BY FRANK GREEN
Singular circumstances and future political aspirations may make a condemned man's clemency plea to Gov. Mark R. Warner the toughest to have crossed his desk. The lame-duck governor has let the execution of 11 men proceed since taking office in 2002. But Robin Lovitt's case stands apart. State officials deliberately destroyed evidence that Lovitt's lawyers claim might save his life. Warner must decide what, if anything, should be done about it. He could grant a full pardon, an outcome viewed unlikely even by Lovitt supporters. Or he could commute the death sentence to life with or without the possibility of parole. Or, if past is prologue, Lovitt will die by injection Nov. 30.
The state lost some evidence so there are some good questions to be asked in this case.
Therefore it is now in the lap of Warner, who is widely touted as a possible Democratic candidate for president in 2008. The Lovitt case has drawn national attention because of the peculiar development and because of a dubious distinction: Lovitt could be the 1,000th person executed in the U.S. since the death penalty was allowed to resume in 1976. Lovitt's lawyers contend that new DNA testing techniques not available when Lovitt was prosecuted...
Sabato gives his two cents about the politics that are in play.
- Larry J. Sabato, a University of Virginia political analyst, said: "Naturally, we'd all like to think a governor would make this decision purely on the facts, not with political considerations in mind. "He added: "I have no evidence at all that Warner would do anything other than that. "But, he said, having permitted other executions to proceed, Warner could probably escape political harm with one commutation, should he grant it. He would be criticized by some who would argue that Lovitt is guilty and is simply getting off on a technicality. However, Sabato said, "Democrats, unlike the general population, are tilted against the death penalty, especially the liberal activists who will show up in droves in Iowa and New Hampshire in 2008. "Warner, said Sabato, "could earn points with them by issuing a pardon or commutation."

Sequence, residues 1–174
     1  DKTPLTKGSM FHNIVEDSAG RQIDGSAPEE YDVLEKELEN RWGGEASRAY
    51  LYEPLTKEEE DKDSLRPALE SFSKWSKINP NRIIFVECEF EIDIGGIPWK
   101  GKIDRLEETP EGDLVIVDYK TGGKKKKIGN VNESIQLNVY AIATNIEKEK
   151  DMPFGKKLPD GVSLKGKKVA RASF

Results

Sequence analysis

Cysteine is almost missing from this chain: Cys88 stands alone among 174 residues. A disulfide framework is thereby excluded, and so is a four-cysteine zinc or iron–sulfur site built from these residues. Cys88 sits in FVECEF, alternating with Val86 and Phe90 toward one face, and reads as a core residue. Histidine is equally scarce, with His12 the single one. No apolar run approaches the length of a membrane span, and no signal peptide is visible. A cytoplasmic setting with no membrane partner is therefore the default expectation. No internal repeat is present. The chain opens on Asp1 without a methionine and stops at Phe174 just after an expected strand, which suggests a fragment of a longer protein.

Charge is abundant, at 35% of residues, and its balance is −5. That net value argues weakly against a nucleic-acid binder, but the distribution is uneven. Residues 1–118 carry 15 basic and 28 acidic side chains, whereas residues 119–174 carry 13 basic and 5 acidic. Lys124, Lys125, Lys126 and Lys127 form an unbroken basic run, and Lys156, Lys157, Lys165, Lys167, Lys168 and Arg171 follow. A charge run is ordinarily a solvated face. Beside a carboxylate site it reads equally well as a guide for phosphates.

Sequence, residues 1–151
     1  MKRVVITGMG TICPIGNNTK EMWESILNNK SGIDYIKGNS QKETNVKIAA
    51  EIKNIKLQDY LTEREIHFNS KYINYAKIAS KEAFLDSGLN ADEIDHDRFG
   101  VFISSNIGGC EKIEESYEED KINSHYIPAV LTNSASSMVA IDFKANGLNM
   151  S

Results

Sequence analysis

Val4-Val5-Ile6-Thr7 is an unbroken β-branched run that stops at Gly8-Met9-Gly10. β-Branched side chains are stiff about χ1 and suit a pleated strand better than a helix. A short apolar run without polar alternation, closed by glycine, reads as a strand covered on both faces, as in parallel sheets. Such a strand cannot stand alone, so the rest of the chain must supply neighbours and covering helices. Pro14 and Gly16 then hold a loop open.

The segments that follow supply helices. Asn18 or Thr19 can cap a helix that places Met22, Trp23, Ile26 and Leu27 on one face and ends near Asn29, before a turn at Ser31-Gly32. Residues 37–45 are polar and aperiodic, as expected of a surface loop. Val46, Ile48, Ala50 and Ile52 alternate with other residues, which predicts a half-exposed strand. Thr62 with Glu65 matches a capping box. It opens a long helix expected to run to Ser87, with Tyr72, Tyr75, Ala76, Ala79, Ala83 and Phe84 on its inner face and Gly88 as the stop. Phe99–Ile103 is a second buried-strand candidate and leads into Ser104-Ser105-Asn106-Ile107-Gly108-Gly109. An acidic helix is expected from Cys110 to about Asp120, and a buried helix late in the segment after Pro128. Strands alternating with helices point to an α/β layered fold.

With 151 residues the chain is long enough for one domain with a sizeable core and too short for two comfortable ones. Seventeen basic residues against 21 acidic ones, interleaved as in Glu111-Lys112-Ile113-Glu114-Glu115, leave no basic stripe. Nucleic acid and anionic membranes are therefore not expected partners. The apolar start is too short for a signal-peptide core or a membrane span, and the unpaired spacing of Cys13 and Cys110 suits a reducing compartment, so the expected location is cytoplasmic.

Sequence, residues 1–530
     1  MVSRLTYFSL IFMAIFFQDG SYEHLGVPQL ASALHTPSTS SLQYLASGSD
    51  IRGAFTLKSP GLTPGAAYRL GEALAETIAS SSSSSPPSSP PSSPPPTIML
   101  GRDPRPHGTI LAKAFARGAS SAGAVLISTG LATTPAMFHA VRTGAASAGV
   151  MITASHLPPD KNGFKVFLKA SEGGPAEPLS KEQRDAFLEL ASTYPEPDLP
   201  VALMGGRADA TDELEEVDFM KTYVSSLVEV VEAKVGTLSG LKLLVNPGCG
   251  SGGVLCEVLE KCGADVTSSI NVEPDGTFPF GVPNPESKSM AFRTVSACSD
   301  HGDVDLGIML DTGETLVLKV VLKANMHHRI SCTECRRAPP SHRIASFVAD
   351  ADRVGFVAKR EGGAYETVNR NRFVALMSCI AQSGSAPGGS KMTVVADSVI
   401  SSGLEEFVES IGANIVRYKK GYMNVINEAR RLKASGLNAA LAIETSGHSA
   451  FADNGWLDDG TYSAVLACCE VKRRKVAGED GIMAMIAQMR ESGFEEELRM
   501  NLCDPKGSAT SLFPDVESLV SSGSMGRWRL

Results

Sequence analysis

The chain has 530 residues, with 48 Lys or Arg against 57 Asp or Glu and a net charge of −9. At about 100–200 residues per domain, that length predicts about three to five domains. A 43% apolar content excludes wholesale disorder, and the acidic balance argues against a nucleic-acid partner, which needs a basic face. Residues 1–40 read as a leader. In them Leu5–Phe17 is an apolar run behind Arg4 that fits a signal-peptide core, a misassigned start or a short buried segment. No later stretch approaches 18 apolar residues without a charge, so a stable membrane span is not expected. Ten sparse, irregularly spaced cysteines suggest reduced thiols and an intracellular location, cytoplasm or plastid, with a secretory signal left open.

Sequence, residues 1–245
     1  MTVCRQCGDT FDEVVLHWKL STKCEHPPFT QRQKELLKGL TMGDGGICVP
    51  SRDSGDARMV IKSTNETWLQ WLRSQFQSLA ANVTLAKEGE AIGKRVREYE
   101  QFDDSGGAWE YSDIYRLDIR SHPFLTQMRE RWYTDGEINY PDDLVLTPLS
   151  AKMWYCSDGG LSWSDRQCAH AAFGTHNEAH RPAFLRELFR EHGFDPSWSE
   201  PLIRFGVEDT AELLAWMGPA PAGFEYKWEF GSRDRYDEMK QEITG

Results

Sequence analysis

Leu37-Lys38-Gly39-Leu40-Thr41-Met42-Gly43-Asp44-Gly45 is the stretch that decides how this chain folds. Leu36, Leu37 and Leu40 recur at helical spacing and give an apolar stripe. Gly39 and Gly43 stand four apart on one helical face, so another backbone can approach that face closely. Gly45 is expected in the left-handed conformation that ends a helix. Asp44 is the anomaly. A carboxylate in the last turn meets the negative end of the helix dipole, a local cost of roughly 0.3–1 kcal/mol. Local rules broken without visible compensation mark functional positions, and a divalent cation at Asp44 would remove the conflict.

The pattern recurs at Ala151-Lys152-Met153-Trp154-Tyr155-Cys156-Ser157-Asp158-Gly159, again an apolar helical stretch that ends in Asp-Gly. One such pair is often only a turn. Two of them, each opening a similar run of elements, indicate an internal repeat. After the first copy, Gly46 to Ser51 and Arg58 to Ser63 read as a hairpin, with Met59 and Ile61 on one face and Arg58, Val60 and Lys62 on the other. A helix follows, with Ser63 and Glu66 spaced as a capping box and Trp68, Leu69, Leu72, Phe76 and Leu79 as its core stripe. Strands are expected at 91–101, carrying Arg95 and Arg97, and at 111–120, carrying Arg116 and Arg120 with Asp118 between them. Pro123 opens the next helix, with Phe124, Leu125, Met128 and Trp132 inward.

Earn points indeed. This is not a dilemma. It seems Mark L. Earley,who was Virginia's Republican attorney general from 1998 to 2001 is on record with this
- "I think it's just morally unfair to this guy when the evidence was by all accounts clearly destroyed contrary to [state law], and it has clearly prejudiced him," said Earley.
The destruction of the evidence, he said, " just presents a highly prejudicial cloud over the case." Earley warned that, "if you impose the death penalty in this case, quite frankly, you undermine the credibility of the death penalty."
This sounds like a win-win for Warner. The question is what base he wants to appeal to. It should be interesting for the next few days.